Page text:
Searching for Tachyons (continued)
Gravity and Superstrings
In the final portion of the chapter on tachyons, Tiwari writes: "Recent advances in tachyon physics (in the theoretical domain) originate in quantum electrodynamics in the presence of gravity, and tachyons in superstring theories. Faster-than-light photon propagation due to vacuum polarization effects in a background gravitational field was discovered by Drummond and Hathrell in 1980 [Citation: Physical Review D, #22, page 343.]. On the other hand tachyons have been known to arise from early times in bosonic
strings -- both closed and open; their importance in recent years has been due to the developments in the brane theory and non-perturbative techniques in string theory."
He then explains superluminal photons (based on the given citation), noting that the framework that results from combining Quantum Electrodynamics (QED) and STR "has been very successful" at explaining the electromagnetic interactions among subatomic particles, but that attempts to incorporate the General Theory of Relativity (GTR) [i.e., the curvature of space caused by gravity], "is plagued by insurmountable difficulties." Yet, after going into some of the details of the associated research, which included the study of vacuum polarization subjected to the curved geometry of GTR, Tiwari quotes the researchers as stating that "either perturbative QED is inadequate as a theory when extended to a general-relativistic background, or that photons indeed can travel faster-than-light." Huge implications for cosmologists would therefore stem from the later. But Tiwari also points out: "That vacuum polarization leads to photon velocity exceeding the velocity of light in the early times of the evolution of the universe in a rather intriguing way agrees with the time-varying velocity of light hypothesis in some models of cosmology." This includes his own theory, and Inflation Theory. And "we note that not just photons, neutrinos also become superluminal ...", in such models.
On the other hand, after labeling superluminal photons as "quasi-photons", he cautions that such a photon "should not be interpreted as a tachyon." [Note that part of Tiwari's suggestion that we re-evaluate our concept of time depends on whether or not lightspeed varies with time.] From there, he gets into string theory, noting that QED is a point field-theory, in which the path of a particle establishes a "world-line" in space, while strings are one-dimensional objects that sweep out "world-sheets" as they move through space; thus resulting in those branches of string theory called "brane theory" (i.e., membrane theory) and its close but older relative "superstring theory". He then gives a concise overview of the most important aspects of string theory, and how tachyons are involved; noting that the dynamics of tachyons "may provide useful insight into non-perturbative features of superstrings", leading to "an optimal formulation of the theory."
For my part, I accept that string theories, especially their latest incarnation, brane theory, provide deeper understanding of natural processes than can be had from other theories taken without them, but there is simply too much empirical support for the point-particle descriptions associated with subatomic interactions to completely abandon them.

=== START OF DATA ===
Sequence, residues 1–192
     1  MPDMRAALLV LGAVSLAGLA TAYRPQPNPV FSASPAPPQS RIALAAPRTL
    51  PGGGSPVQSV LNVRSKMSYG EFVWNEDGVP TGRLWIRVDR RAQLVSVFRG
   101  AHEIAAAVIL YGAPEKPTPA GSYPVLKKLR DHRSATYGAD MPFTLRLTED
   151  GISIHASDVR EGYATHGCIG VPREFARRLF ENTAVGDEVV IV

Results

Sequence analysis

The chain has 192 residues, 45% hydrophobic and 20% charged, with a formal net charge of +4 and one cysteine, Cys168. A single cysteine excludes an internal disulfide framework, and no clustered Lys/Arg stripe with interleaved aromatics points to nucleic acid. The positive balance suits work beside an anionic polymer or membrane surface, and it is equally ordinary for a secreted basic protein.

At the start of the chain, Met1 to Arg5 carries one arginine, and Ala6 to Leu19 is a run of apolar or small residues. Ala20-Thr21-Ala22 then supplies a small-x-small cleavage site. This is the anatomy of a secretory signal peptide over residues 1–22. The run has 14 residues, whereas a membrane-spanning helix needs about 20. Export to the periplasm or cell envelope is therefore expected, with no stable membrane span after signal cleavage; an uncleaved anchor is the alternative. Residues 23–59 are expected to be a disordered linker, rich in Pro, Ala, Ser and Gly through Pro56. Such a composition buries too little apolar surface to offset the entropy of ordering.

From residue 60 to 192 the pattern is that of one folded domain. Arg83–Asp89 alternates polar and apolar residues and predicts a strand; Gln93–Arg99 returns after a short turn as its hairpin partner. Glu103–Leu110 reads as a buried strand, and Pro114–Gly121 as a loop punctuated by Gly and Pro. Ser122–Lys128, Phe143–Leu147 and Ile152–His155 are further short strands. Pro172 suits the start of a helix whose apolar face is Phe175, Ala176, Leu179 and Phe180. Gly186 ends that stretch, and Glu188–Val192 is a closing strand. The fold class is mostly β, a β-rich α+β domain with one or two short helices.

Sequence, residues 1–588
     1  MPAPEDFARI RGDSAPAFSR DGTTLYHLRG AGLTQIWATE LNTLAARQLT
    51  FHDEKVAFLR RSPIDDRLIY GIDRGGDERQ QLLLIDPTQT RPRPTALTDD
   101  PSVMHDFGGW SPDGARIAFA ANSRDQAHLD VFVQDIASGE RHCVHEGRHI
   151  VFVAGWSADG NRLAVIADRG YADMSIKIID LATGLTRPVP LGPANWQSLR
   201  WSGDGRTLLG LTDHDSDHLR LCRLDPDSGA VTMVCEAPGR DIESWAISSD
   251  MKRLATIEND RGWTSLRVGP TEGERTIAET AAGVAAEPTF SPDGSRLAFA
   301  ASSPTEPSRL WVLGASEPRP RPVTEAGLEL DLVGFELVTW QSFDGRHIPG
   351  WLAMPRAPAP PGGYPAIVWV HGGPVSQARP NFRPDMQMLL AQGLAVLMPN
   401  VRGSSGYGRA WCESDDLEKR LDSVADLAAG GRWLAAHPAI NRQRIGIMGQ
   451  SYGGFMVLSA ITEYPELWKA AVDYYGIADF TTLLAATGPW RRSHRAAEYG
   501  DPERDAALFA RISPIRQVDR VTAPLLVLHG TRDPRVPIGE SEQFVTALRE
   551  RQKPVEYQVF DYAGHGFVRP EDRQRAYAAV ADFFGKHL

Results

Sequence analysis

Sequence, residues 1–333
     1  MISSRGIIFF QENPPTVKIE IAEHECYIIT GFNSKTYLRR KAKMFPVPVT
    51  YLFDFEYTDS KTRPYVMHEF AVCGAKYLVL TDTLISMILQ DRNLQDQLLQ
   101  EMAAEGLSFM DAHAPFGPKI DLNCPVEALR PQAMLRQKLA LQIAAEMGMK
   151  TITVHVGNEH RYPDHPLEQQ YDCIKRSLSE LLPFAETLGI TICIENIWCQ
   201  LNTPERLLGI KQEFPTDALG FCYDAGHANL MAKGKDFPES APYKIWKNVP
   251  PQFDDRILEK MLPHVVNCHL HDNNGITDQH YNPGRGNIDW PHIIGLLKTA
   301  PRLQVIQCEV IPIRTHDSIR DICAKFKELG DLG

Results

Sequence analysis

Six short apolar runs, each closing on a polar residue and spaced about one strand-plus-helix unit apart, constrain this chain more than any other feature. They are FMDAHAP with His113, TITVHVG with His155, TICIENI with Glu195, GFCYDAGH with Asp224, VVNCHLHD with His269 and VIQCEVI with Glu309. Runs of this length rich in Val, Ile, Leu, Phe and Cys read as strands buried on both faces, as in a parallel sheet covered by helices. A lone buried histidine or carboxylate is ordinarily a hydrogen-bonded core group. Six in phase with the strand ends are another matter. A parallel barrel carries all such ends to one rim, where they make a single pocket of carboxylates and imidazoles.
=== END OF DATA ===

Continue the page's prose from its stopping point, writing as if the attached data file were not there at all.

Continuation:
It seems to me that brane theory and quantum mechanics are actually compatible, if they are kept distance specific. Quantum mechanics, for instance, allows us to study all of the subatomic particles down to distances on the order of the Planck length, while brane theory lets us see what reality is like at smaller distances. The two scenarios need not be at odds, nor should one be abandoned in favor of the other too regularly, while yet other ideas are entertained, as necessary for completeness. In that case, since brane theory involves an inherent prediction of tachyonic objects (FTL strings), at sub-Planck-length distance scales, and therefore asks for the acceptance of such objects by the mainstream physics community, then these objects can and should likewise be regarded as possibly manifesting themselves as point-like tachyons at distances larger than the Planck length; most especially in a Lorentzian relativistic, rather than Einsteinian relativistic, format.
Among those point-like tachyons, I am convinced (though Tiwari does not mention the notion in his book) that there is a kind which explains quantum gravity better than any other hypothetical particle suggested to be responsible for the warping of space caused by gravity, described by the "field equations" of GTR -- which tachyon I have explained thoroughly in my thesis. I am, however, willing to concede that such tachyons may be string-like, or, more correctly, may have string-like substructures, when viewed at distances smaller than the Planck length. [An example substructure would be a string that is spiral shaped, and spins in such a way as to drill through space, like a corkscrew; thus providing an action that pulls towards the source, without causing damage.]
Studying Tiwari's book has, in fact, done much to strengthen the conviction that my thesis is valid, because I find in the book no unbiased theory to refute it, and find therein, as well, a great store of reliable information supporting the conclusion that tachyons, of many kinds, probably do exist.
Based on that conviction, and on "faith" in the open-minded researchers actively engaged in the investigation of superluminal phenomena, I predict that a point-like tachyon will be "discovered" someday, and soon thereafter it will be confirmed, beyond doubt, that the contention I and a growing number of other thinkers have been presenting for a while now must be viewed as a scientific fact, instead of science- fiction. Namely, that gravity is faster-than-light, and may actually involve a tachyonic force quantum-unit.
[End of article.]